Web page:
TELECOMMUNICATIONS magnate, Strive Masiyiwa is girding for a bruising legal battle with President Robert Mugabe’s administration after a decision by the authorities to cancel Econet’s television broadcasting partner’s licence last week.
BY RICHARD CHIDZA
The government last week withdrew the licence issued to Dr Dish, a private player, which had gone into a partnership with content provider, Masiyiwa’s Econet Media-owned Kwese TV.
In an 11-page letter to the Broadcasting Authority of Zimbabwe (BAZ), lawyer and Masiyiwa’s close associate, Tawanda Nyambirai, laid down the gauntlet, effectively declaring a fight between Masiyiwa and government backed South African satellite broadcaster, DStv owned by MultiChoice.
He said DStv currently had a monopoly over satellite television broadcasting in Zimbabwe.
“For as long as they have operated in Zimbabwe, DStv has exploited the Zimbabwean consumer by charging a huge premium to Zimbabwean customers compared to what they charge in South Africa,” Nyambirai wrote.
“According to the 2017 monetary policy presented by RBZ (Reserve Bank of Zimbabwe) governor (John Mangudya), DStv subscriptions and card payments, at $206,66 million, were the second major driver of foreign currency drain in Zimbabwe.
“On the contrary, Kwese content by Econet Media is much cheaper.”
He said DStv had made “radical reductions” in pricing on the possibility of Kwese coming into Zimbabwe.
The letter also highlighted DStv’s troubles with the Zimbabwe Revenue Authority, where the South African company “has been in court with Zimra over its refusal to charge for and remit value-added tax”.
In response, BAZ, according to Nyambirai, said it was ready for the legal war.
“They have just responded telling us that ‘if your client is aggrieved they can go to court’.
“We are likely to file a High Court application today (yesterday),” he said.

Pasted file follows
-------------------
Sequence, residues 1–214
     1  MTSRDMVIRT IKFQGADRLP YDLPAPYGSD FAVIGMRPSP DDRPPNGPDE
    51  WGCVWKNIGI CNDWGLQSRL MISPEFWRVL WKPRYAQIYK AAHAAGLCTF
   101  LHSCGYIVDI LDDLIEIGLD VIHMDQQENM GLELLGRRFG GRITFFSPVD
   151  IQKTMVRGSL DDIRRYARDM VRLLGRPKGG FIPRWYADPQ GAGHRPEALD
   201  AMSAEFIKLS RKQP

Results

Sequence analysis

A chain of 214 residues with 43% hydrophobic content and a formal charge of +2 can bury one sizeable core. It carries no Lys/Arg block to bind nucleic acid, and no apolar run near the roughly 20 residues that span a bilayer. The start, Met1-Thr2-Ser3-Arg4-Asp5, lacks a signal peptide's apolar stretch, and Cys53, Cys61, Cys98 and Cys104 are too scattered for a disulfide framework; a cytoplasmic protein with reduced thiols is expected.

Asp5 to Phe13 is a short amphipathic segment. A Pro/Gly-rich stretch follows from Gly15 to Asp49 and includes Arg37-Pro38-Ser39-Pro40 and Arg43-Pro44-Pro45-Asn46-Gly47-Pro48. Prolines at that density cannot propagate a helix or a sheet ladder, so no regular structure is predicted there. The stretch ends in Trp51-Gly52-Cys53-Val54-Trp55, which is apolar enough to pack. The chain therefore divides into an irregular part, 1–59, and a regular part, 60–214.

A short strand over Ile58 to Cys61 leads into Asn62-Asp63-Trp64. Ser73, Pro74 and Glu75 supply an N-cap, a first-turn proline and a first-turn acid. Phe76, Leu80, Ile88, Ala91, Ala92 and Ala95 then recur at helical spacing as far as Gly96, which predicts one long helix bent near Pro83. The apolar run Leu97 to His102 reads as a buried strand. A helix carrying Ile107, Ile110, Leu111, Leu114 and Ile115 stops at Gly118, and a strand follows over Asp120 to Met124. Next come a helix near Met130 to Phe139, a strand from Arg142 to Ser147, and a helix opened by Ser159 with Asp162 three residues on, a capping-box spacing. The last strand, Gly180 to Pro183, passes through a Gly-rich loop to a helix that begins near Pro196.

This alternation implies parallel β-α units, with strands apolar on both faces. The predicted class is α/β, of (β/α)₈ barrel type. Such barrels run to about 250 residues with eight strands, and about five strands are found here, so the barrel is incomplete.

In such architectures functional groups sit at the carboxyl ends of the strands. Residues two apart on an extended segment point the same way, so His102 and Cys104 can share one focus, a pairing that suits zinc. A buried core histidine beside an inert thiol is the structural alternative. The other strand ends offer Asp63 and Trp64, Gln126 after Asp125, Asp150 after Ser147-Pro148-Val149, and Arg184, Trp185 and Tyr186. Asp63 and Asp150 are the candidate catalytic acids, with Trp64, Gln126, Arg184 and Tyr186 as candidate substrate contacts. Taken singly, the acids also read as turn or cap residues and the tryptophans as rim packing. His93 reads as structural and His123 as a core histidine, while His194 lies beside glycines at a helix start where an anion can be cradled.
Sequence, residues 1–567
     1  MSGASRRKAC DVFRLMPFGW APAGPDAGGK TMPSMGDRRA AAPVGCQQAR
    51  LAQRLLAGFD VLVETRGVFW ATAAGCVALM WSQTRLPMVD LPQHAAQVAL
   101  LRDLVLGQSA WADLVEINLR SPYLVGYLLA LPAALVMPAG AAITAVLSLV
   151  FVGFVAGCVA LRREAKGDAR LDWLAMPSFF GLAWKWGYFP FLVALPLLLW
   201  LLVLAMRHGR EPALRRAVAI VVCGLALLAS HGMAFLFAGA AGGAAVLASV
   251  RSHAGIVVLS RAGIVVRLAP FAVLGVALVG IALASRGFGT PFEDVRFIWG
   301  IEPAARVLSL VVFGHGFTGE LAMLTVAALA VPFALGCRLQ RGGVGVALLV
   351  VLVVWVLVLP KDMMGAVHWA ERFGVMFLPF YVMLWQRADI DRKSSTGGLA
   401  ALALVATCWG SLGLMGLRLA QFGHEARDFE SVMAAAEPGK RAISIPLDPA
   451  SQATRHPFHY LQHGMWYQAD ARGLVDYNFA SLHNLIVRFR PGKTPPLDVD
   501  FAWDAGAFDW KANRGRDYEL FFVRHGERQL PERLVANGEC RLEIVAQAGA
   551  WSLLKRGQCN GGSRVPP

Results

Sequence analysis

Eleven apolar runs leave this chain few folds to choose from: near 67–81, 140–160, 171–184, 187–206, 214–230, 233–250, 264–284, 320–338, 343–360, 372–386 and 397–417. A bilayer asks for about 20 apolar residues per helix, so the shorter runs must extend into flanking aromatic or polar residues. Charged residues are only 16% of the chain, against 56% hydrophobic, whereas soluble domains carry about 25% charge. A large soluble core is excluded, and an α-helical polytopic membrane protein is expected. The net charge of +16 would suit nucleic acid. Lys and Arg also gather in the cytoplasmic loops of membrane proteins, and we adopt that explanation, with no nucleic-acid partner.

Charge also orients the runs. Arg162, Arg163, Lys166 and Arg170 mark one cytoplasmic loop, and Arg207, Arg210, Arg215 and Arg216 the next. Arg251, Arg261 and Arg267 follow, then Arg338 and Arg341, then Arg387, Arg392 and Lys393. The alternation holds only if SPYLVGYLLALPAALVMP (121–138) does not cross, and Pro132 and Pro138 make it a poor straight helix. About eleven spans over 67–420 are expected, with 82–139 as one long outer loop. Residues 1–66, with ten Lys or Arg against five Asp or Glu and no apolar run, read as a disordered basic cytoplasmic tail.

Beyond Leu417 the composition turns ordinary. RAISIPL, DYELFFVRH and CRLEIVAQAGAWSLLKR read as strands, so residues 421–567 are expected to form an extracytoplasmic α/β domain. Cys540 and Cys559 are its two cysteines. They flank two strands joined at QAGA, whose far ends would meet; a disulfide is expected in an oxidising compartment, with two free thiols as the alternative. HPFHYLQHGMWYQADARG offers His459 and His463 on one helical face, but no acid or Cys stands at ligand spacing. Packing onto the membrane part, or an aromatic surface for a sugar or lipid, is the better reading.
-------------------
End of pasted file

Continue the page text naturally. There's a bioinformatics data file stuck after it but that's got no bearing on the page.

High-level sources within Kwese chronicled the problems that triggered the stand-off, reminiscent of the 1990s fight between the government and Masiyiwa’s Econet Wireless, again over a licence.
“The issue is bigger and government is playing politics with Masiyiwa again.
“Kwese had been in negotiations with (government-owned) Zimbabwe Newspapers Television with a possibility of using their licence to create the platform for content distribution in the country,” a source said.
Nyambirai continued: “Curiously, when speculative reports broke in the media that Kwese TV had been licensed in Zimbabwe, Zimpapers, one of the prospective partners that Econet Media was in negotiations with, but failed to agree on commercial terms, renewed its interest in the partnership with Econet Media.”
He said ZBC also approached Econet Media “for provision of some of its exclusive sports content”.
Nyambirai said BAZ chief executive officer, Obert Muganyura had no power to cancel a licence, warning that he could be sued in his personal capacity for abuse of authority.
The BAZ board, Nyambirai argued, had not met and given Muganyura authority to cancel Dr Dish’s licence for which Econet Media had paid outstanding dues four days before the “purported cancellation”.
“While Econet Media Mauritius is finalising formalities relating to its investment in Zimbabwe as a content provider and its offering to cushion Zimbabwean consumers from the foreign currency shortages, Econet’s Kwese TV proceeded to release the money needed for the payment of the arrears and current licence fees.
“The payment was effected on August 18, 2017,” the letter said.
BAZ then wrote on August 22 allegedly in response to a Dr Dish letter to the authority written in October 2016.
Dr Dish was responding to a request from BAZ to show cause why its licence should not have been cancelled given the withdrawal of then content provider, My Africa. Nyambirai noted that BAZ had been notified of the change in content provider.
Dr Dish, through Nyambirai, also threatened to approach the Constitutional Court seeking an order to force BAZ to make public details of the relationship between Transmedia and MultiChoice.